This resource is intended to support maternal health stakeholders (e.g., health care providers, birth workers, patient advocates, insurers, and policymakers) in creating a business case to invest in community-based maternity care models and support services from a full complement of birth workers to improve maternal health outcomes and eliminate racial inequities.

Community-based maternity care models and support services offer enhanced care and support from the prenatal through postpartum periods and care coordination that is grounded in reproductive justice. Advancing community-based maternity care and support services can expand access to maternity care that meets the following high-value characteristics:

  • Equitable, person-centered, culturally congruent, respectful
  • Consistent quality, safety, and equity regardless of individual characteristics including race and ethnicity, age, language, payer or insurance status
  • Reductions in severe morbidity and mortality
  • Integrated and coordinated care across physical, mental, behavioral, and social needs
  • Honors the pregnant person’s preferences in concert with risk appropriate care
  • Does no harm, reduces medical overutilization and underutilization, and provides transparent information about cost and outcomes

The components that follow can serve as a template to assess the current state of maternity care and support services, create a business plan for offering or supporting the development of new maternal health services, and facilitate strategic conversations and planning to establish and support new models, financially or otherwise. Each component of the business case is accompanied by a series of questions, considerations, and examples to address the following categories: 1) Current state, 2) Objective, 3) Benefits and justification, 4) Implementation strategy, 5) Financials and costs, and 6) Risks.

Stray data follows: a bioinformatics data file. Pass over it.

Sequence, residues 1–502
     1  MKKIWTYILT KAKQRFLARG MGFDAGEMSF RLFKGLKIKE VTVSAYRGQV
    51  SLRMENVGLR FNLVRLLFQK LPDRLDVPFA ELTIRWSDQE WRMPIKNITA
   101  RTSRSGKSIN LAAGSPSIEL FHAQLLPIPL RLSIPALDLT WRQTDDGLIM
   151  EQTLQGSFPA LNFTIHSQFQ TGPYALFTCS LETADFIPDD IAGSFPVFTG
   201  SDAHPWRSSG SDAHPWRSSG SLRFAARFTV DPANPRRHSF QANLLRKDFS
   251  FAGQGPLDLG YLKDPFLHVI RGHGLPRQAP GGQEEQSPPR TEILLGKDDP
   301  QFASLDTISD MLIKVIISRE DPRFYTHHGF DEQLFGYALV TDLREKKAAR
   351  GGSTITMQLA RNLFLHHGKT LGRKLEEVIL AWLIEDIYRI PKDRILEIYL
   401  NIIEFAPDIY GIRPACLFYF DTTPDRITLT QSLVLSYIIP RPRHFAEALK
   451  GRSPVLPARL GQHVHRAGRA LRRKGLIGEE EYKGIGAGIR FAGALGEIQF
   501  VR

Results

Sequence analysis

Download the Business Case Template (Word Doc)

View the Press Release (PDF)

Supported by The Commonwealth Fund, a national, private foundation based in New York City that supports independent research on health care issues and makes grants to improve health care practice and policy. The views presented here are those of the author and not necessarily those of The Commonwealth Fund, its directors, officers, or staff.

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